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Safely Lighting Binchotan Japanese White Charcoal: A Comprehensive Guide

Safely Lighting Binchotan Japanese White Charcoal: A Comprehensive Guide

Japanese Grill

Binchotan is renowned for its high and consistent heat, yet it is notoriously difficult to light.

Various online resources offer methods for lighting binchotan, including using indoor gas tops and portable gas tops, which may pose dangers. Additionally, there is the issue of popping pieces if the charcoal was stored in humid conditions.

So, what is the best and safest way to light your binchotan? Let's find out.

In this article, we will explore:

Click here to learn more about Japanese binchotan and why it is considered the best charcoal in the world.

First of all, to light a binchotan by following this user guide, you will need:

We have prepared a detailed video tutorial below to accompany this guide. The video provides visual instructions for each step mentioned here, ensuring clarity and ease of understanding.

In the video, our chef Roger Young does not use a mesh to cover the chimney to avoid popping, as Melbourne is relatively dry and his judgement on the charcoal should be safe.

However, we recommend using a mesh to cover the top of the chimney (as stated in the following step-by-step instructions), especially if you live in a humid area such as Queensland. Recently, Sydney has been very wet as well.

You will observe Roger filling the grill with 2 to 3 layers of Binchotan charcoal, depending on the size of your Binchotan. The idea is to leave a gap; stacking the charcoal too high could result in excessive heat.

So now, a few key points to remember:

  • Complete the entire process outdoors.
  • Keep this away from children.
  • Always wear oven mitts to protect against heat.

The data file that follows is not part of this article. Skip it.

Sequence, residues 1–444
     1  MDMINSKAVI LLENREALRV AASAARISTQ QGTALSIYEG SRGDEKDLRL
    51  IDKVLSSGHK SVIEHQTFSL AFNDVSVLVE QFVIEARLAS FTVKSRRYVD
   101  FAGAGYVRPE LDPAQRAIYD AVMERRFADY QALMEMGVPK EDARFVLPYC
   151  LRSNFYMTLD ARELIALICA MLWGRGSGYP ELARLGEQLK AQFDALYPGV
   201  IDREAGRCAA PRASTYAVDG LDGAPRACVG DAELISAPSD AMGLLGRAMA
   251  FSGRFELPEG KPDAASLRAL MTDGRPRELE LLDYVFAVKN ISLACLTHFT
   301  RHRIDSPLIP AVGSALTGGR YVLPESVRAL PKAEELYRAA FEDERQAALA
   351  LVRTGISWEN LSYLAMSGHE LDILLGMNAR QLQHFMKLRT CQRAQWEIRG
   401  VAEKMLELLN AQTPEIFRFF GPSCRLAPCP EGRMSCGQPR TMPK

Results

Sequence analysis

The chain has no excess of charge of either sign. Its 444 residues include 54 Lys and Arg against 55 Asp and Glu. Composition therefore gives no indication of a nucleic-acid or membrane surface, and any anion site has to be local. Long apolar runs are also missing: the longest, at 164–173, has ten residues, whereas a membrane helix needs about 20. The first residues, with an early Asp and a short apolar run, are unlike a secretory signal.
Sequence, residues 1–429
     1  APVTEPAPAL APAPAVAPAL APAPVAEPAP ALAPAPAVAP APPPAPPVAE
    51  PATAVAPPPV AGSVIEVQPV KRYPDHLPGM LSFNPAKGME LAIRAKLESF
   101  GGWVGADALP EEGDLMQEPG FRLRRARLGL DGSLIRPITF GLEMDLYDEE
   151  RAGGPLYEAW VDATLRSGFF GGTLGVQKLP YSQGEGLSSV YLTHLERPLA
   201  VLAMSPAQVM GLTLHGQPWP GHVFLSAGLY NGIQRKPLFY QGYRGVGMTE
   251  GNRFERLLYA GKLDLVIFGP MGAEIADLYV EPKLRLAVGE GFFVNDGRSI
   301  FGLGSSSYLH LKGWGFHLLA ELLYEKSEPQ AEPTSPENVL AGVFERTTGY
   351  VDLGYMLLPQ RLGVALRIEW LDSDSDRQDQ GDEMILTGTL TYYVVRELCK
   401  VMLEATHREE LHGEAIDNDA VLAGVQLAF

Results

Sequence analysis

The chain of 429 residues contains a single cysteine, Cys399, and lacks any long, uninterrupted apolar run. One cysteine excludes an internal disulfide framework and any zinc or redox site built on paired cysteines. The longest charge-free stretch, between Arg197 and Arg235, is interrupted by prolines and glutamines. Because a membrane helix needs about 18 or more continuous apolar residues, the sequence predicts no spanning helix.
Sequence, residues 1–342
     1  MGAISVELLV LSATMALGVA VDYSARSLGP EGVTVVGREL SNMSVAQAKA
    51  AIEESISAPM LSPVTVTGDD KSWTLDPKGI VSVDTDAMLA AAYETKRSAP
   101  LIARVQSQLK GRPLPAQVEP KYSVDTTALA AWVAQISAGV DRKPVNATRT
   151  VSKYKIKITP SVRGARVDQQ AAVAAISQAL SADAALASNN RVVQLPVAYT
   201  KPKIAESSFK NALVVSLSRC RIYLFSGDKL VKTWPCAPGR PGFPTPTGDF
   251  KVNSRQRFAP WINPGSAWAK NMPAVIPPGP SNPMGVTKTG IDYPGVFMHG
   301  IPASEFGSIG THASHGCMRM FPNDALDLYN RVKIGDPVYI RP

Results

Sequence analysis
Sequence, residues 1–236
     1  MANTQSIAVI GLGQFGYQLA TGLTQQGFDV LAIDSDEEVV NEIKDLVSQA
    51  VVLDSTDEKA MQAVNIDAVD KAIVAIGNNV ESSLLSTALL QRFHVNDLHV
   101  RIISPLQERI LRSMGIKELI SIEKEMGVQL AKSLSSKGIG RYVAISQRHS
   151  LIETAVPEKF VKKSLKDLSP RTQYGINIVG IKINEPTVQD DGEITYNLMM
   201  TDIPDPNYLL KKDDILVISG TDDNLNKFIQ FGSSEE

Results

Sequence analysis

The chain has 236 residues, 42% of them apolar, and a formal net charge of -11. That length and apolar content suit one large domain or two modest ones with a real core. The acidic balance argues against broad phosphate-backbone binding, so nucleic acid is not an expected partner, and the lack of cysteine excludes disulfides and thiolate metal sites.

• Cover the chimney with a grill mesh to prevent pop-up pieces.
  • Do not stack the charcoal too high to avoid excessive heat.
  • Break larger Binchotan pieces as necessary.

Understanding the Risks and Preparations

Many online tutorials suggest lighting binchotan on a stove top or a portable gas top, but these methods are fraught with risks.

Stove-top lighting can create indoor hazards due to carbon monoxide, regardless of how well the area is ventilated. The risk remains high unless there is professional ventilation that efficiently draws the smoke outdoors. 

There is also another method using a portable gas top. From some videos, we can see the flame is so high and it is so close to the gas canister of the portable gas top. It carries the risk of heat-induced explosions, as the heat is too high for a portable gas top.

The Ideal Lighting Time

Another misconception is that binchotan can be lit quickly. Although some sources suggest a 10-minute lighting time, generally, this is not accurate.

We should take time to light binchotan safely. Chef Roger Young advises that 30 to 45 minutes are necessary for the charcoal to be fully lit up. After the binchotan is lit, he will go and prepare the food, allowing the charcoal to burn for another 45 minutes. He suggests that binchotan can be burnt for a few hours, as the temperature will keep rising during the process, so there is no need to rush.